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Michael Jude Murphy
After twelve years in prison, Walter arrives in an unnamed city, moves into a small apartment across the street from an elementary school, gets a job at a lumberyard, and mostly keeps to himself. A quiet, guarded man, Walter finds unexpected solace from Vickie, a tough-talking woman who promises not to judge him for his history. But Walter cannot escape his past. A convicted sex offender, Walter is warily eyed by his brother-in-law, shunned by his sister, lives in fear of being discovered at work, and is hounded by a suspicious local police officer, Detective Lucas. After befriending a young girl in a neighborhood park, Walter must also grapple with the terrible prospect of his own reawakened demons. Written by
Sujit R. Varma
Sympathy For The Devil: Bacon's best performance to date
THE WOODSMAN (2004) ***1/2 Kevin Bacon, Kyra Sedgwick, David Alan Grier, Eve, Benjamin Bratt, Mos Def, Hannah Pilkes.
Sympathy For The Devil: Bacon's best performance to date
Kevin Bacon has always been one of my favorite actors and constantly proves to be such a truly exceptional one at that. In his latest as a recently paroled convicted pedophile he gives the performance of his career that should entitle him to his first Academy Award nomination (long overdue).
Walter (Bacon) is an ex-con attempting to begin a normal life after being incarcerated for molesting several young girls. What seems to be a large task at hand only proves to be increasingly difficult for a variety of reasons including the fact his apartment is just out of reach of the mandated length he cannot be within the distance of a school which rests tauntingly like a diabetic a candy factory directly across the street where he now lives. This is a test he rationalizes and reports this discovery and others to his appointed therapy sessions with a psychiatrist which only makes Walter increasingly uncomfortable as the good doctor suggests he keep a journal and reflect on what he has done (or worse what he may do).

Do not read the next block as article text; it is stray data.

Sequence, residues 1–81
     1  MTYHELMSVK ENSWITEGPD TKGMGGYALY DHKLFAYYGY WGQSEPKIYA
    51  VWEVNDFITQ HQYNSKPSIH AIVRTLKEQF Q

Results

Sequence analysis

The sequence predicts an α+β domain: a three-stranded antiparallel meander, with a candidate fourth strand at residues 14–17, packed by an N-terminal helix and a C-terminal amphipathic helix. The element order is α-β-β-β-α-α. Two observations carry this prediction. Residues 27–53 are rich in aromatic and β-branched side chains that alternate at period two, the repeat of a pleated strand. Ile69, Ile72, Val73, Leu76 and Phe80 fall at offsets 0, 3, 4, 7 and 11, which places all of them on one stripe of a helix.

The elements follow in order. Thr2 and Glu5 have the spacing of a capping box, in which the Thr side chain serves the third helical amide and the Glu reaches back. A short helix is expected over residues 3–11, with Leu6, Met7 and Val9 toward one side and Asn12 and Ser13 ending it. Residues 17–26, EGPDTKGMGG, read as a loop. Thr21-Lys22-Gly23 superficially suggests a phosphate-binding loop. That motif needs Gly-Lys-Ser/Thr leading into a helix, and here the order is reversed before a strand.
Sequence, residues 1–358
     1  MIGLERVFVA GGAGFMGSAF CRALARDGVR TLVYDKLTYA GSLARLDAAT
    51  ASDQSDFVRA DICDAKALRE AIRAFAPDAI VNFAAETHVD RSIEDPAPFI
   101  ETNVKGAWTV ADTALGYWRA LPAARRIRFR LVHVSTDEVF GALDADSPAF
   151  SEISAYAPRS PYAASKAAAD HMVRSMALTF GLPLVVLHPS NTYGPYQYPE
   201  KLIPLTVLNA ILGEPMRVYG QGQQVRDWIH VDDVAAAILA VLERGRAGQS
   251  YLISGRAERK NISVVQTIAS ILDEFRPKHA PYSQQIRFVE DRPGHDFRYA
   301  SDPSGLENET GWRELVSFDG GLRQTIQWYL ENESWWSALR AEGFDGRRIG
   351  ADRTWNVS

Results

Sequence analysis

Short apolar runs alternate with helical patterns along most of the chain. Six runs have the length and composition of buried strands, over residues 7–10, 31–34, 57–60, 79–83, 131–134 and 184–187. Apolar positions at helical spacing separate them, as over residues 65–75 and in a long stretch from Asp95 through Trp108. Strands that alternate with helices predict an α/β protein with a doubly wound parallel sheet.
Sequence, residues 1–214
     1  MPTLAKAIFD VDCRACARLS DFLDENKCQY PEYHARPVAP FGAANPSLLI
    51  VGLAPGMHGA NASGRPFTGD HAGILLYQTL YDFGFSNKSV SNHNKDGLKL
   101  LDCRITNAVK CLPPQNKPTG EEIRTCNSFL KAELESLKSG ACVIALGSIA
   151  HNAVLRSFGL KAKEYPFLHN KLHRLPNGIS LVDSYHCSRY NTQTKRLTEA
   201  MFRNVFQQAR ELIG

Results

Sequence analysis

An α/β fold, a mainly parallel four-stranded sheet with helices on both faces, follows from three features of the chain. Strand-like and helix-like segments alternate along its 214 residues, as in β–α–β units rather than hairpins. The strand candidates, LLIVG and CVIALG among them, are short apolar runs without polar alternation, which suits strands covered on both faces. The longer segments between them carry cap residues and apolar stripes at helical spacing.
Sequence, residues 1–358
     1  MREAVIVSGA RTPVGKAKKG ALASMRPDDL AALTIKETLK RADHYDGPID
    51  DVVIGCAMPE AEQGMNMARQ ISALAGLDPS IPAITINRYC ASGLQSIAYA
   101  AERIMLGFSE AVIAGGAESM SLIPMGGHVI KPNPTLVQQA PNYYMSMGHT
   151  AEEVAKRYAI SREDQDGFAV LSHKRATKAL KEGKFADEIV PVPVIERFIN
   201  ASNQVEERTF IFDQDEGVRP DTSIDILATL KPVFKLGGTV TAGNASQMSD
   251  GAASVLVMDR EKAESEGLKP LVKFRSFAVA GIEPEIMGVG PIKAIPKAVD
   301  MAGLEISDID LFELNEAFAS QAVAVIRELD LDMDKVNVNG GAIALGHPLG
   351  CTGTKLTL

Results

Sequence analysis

Getting a job as a factory worker in his run-down Philly suburb Walter keeps to himself especially from the slyly sexy Mary-Kay (rapper Eve) who has other plans for the newcomer and instead is befriended by the tomboyish yet open-minded Vickie (Bacon's real-life wife Sedgwick also giving a career high performance with just the right amount of fronting toughness and vulnerable empathy when she beds and eventually discovers Walter's burning secrets.
All of the proceedings lead to a keg of explosive ramifications as Walter tries desperately to walk the straight and narrow but it isn't helping matters as the deck is stacked against him in the form of police Sgt. Lucas (rap star Mos Def in the Walter Matthau role) dogging Walter as a likely suspect in rash of recent child molestings. Sooner or later Walter is going to return to his old form. Or so it seems.
Bacon is truly amazing in his implosive turn as a man so at odds with being in his own skin it threatens to suffocate him in his vein gestures at becoming 'normal' and his body language suggests a crumbling man of sand about to blow away in the winds of society. His pained, grimace of accepting his sickness only curdles his well intended desire to shirk his monstrous past but will not embrace the touchy-feely psycho-babble that he must endure to delve into his childhood as perhaps the key to his perversities.
Smartly directed by newcomer Nicole Kassel who co-scripted the usually on-target screenplay with Steven Fechter (they bungle it when Walter's play-by-play inner monologue of a perceived local molester makes a mark outside his window is a tad uneasy) wisely allows her character just enough rope to hang himself before reeling himself back to square one. There is a nice interplay of just the right amount of nervous tension between Bacon's Walter and a little girl named Robin (perfectly played by Pilkes) he espies one day and follows into a local park .
Bacon is a journeyman character actor trapped in a leading man's body but has what so few of his contemporaries do : moxy, talent and the chops to tackle a taboo subject without being exploitative. That is the true skill of a marksman and that is truly what Bacon is.
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